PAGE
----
Association of BMI with overall survival in patients with mCRC who received chemotherapy versus EGFR and VEGF-targeted therapies

Gargi S. Patel, Shahid Ullah, Carol Beeke, Paul Hakendorf, Robert Padbury, Timothy J. Price, Christos S. Karapetis

Research output: Contribution to journalArticle

5 Citations (Scopus)

Abstract

Although a raised body mass index (BMI) is associated with increased risk of colorectal cancer (CRC) and recurrence after adjuvant treatment, data in the metastatic setting is limited. We compared overall survival (OS) across BMI groups for metastatic CRC, and specifically examined the effect of BMI within the group of patients treated with targeted therapies (TT). Retrospective data were obtained from the South Australian Registry for mCRC from February 2006 to October 2012. The BMI at first treatment was grouped as underweight <18.5 kg/m2, Normal = 18.5 to <25 kg/m2, Overweight = 25 to <30 kg/m2, Obese I = 30 to <35 kg/m2, Obese II ≥35 kg/m2. Of 1174 patients, 42 were underweight, 462 overweight, 175 Obese I, and 77 Obese II. The OS was shorter for patients who were underweight and overweight compared to normal (OS 13.7 and 22.3 vs. 24.1 months, respectively, hazard ratio [HR] 2.21 and 1.23). The adjusted median OS was longer for normal versus overweight or obese I patients receiving chemotherapy + targeted therapy (35.7 vs 25.1 or 22.8 months, HR 1.59 and 1.63, respectively) with no difference in OS for chemotherapy alone. On breakdown by type of targeted therapy, overweight and obese I patients had a poorer outcome with Bevacizumab. The BMI is predictive of a poorer outcome for underweight and overweight patients in the whole population. Of those receiving chemotherapy and targeted therapy, BMI is an independent predictor for OS for overweight and obese I patients, specifically for those treated with Bevacizumab. Patients who are overweight or obese (group I) may be a target group for lifestyle and nutrition advice to improve OS with TT.

LanguageEnglish
Pages1461-1471
Number of pages11
JournalCancer Medicine
Volume4
Issue number10
DOIs
Publication statusPublished - 1 Oct 2015

Keywords

  • BMI
  • Bevacizumab
  • Colorectal cancer
  • Metastatic
  • Targeted therapies

ASJC Scopus subject areas

  • Oncology
  • Radiology Nuclear Medicine and imaging
  • Cancer Research

Cite this

Patel, G. S., Ullah, S., Beeke, C., Hakendorf, P., Padbury, R., Price, T. J., & Karapetis, C. S. (2015). Association of BMI with overall survival in patients with mCRC who received chemotherapy versus EGFR and VEGF-targeted therapies. Cancer Medicine, 4(10), 1461-1471. https://doi.org/10.1002/cam4.490
Patel, Gargi S. ; Ullah, Shahid ; Beeke, Carol ; Hakendorf, Paul ; Padbury, Robert ; Price, Timothy J. ; Karapetis, Christos S. / Association of BMI with overall survival in patients with mCRC who received chemotherapy versus EGFR and VEGF-targeted therapies. In: Cancer Medicine. 2015 ; Vol. 4, No. 10. pp. 1461-1471.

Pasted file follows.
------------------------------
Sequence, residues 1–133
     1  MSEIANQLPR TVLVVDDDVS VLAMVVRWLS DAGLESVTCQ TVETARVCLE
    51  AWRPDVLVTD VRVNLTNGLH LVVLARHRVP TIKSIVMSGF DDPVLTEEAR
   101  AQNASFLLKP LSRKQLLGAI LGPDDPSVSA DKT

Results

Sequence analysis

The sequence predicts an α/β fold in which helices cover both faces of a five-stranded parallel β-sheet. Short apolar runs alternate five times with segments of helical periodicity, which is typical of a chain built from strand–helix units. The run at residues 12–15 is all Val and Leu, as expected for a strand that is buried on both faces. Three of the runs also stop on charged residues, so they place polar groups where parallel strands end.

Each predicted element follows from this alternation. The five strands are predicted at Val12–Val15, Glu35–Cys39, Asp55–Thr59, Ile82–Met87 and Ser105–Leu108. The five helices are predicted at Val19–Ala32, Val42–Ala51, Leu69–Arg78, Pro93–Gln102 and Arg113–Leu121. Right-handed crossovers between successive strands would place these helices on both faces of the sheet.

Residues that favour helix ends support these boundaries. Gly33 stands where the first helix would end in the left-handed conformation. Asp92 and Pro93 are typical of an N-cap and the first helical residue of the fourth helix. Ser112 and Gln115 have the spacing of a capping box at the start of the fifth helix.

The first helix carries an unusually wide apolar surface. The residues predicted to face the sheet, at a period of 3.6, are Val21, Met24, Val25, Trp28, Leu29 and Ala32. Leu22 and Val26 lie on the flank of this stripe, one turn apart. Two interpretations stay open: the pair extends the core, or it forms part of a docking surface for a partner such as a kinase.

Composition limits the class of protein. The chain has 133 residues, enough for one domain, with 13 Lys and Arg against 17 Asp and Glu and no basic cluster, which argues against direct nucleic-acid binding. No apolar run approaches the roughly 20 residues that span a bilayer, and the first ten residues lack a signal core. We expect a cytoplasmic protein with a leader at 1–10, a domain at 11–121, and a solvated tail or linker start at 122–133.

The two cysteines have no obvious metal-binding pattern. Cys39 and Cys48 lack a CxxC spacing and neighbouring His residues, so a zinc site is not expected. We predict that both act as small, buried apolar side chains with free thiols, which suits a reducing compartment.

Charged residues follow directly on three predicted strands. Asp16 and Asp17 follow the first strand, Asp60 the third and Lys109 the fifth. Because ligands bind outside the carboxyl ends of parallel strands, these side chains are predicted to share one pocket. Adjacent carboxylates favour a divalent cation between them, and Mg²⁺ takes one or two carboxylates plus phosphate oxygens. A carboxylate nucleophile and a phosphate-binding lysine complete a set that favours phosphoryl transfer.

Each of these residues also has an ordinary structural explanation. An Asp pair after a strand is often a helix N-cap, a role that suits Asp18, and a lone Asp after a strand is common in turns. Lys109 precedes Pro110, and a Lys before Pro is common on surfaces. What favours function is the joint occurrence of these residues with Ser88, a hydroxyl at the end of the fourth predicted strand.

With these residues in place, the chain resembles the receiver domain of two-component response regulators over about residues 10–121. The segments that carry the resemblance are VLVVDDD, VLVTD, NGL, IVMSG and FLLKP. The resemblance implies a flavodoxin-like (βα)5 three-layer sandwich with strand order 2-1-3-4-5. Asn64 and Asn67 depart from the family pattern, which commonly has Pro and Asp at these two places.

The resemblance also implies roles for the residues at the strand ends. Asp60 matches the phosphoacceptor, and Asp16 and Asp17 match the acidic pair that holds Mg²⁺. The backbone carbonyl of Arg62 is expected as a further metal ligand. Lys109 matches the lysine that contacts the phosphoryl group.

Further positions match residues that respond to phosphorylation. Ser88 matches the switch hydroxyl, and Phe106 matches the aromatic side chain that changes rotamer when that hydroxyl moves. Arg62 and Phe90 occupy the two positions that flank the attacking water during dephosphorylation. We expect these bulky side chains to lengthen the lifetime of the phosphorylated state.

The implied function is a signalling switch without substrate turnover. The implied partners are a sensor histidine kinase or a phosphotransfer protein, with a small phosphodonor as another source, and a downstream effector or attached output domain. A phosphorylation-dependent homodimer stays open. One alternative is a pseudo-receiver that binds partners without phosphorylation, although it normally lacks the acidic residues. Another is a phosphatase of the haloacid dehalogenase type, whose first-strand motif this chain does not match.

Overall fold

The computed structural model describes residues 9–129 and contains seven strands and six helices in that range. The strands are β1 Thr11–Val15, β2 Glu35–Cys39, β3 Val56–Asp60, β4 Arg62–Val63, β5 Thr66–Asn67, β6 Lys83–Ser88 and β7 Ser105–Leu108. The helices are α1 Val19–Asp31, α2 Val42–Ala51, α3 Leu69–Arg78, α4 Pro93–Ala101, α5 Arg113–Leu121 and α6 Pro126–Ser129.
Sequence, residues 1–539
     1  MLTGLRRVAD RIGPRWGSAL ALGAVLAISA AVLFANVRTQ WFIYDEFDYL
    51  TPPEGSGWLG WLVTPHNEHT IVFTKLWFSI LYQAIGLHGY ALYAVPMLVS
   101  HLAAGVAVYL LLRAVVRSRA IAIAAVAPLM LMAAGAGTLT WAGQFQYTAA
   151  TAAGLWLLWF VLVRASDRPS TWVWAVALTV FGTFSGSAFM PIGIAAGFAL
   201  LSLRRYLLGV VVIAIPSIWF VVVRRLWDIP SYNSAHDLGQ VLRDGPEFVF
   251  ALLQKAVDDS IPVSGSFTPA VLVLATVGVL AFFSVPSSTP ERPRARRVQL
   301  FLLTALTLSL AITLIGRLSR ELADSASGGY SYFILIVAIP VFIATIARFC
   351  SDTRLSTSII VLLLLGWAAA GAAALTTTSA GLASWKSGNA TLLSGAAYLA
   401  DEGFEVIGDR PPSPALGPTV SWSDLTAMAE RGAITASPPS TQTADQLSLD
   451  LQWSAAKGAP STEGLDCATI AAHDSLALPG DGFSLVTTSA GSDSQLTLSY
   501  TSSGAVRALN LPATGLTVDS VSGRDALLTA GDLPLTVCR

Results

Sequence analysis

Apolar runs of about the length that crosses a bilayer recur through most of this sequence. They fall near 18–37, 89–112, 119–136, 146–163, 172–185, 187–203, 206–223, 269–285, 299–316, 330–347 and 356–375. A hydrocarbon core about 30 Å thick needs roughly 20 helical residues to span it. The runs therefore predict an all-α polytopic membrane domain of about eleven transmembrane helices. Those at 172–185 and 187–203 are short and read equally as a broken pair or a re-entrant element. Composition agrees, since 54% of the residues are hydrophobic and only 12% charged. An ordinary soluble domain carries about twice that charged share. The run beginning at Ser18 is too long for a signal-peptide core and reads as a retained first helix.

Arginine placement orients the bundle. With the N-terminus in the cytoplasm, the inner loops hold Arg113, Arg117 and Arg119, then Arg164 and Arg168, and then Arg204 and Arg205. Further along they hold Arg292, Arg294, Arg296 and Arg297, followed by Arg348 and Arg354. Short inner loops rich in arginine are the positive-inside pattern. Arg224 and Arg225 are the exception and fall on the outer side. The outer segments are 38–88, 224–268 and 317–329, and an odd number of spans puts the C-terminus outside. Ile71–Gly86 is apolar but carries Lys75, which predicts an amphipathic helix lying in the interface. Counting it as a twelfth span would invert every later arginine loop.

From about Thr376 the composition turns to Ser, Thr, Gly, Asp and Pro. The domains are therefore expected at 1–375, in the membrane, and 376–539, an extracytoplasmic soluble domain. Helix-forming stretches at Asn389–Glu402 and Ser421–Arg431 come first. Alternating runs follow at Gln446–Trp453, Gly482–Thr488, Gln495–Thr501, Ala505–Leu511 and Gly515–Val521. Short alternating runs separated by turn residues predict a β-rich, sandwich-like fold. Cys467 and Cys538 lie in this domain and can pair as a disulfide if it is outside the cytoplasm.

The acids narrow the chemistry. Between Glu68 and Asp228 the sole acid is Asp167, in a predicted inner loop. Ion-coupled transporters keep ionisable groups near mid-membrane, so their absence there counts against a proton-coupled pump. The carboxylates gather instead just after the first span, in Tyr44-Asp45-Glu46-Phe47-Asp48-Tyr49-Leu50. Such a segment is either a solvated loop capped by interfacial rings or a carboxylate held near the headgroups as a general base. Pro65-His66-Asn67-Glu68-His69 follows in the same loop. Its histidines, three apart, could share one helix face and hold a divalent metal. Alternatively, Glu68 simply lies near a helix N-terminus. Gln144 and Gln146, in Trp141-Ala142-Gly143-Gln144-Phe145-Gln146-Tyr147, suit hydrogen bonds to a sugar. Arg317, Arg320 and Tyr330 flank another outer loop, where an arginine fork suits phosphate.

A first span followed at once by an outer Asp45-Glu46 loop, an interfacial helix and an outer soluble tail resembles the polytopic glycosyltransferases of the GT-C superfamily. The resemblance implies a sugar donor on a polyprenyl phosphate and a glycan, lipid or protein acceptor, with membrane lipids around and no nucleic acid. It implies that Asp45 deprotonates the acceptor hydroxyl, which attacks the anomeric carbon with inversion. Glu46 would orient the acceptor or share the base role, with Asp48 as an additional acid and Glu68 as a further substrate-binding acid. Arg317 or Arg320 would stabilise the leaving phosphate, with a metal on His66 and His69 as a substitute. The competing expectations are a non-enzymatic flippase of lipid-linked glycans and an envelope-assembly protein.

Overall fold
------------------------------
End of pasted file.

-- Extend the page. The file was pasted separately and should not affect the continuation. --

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Patel, GS, Ullah, S, Beeke, C, Hakendorf, P, Padbury, R, Price, TJ & Karapetis, CS 2015, 'Association of BMI with overall survival in patients with mCRC who received chemotherapy versus EGFR and VEGF-targeted therapies', Cancer Medicine, vol. 4, no. 10, pp. 1461-1471. https://doi.org/10.1002/cam4.490

Association of BMI with overall survival in patients with mCRC who received chemotherapy versus EGFR and VEGF-targeted therapies. / Patel, Gargi S.; Ullah, Shahid; Beeke, Carol; Hakendorf, Paul; Padbury, Robert; Price, Timothy J.; Karapetis, Christos S.

In: Cancer Medicine, Vol. 4, No. 10, 01.10.2015, p. 1461-1471.

Research output: Contribution to journalArticle

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AB - Although a raised body mass index (BMI) is associated with increased risk of colorectal cancer (CRC) and recurrence after adjuvant treatment, data in the metastatic setting is limited. We compared overall survival (OS) across BMI groups for metastatic CRC, and specifically examined the effect of BMI within the group of patients treated with targeted therapies (TT). Retrospective data were obtained from the South Australian Registry for mCRC from February 2006 to October 2012. The BMI at first treatment was grouped as underweight <18.5 kg/m2, Normal = 18.5 to <25 kg/m2, Overweight = 25 to <30 kg/m2, Obese I = 30 to <35 kg/m2, Obese II ≥35 kg/m2. Of 1174 patients, 42 were underweight, 462 overweight, 175 Obese I, and 77 Obese II. The OS was shorter for patients who were underweight and overweight compared to normal (OS 13.7 and 22.3 vs. 24.1 months, respectively, hazard ratio [HR] 2.21 and 1.23). The adjusted median OS was longer for normal versus overweight or obese I patients receiving chemotherapy + targeted therapy (35.7 vs 25.1 or 22.8 months, HR 1.59 and 1.63, respectively) with no difference in OS for chemotherapy alone. On breakdown by type of targeted therapy, overweight and obese I patients had a poorer outcome with Bevacizumab. The BMI is predictive of a poorer outcome for underweight and overweight patients in the whole population. Of those receiving chemotherapy and targeted therapy, BMI is an independent predictor for OS for overweight and obese I patients, specifically for those treated with Bevacizumab. Patients who are overweight or obese (group I) may be a target group for lifestyle and nutrition advice to improve OS with TT.

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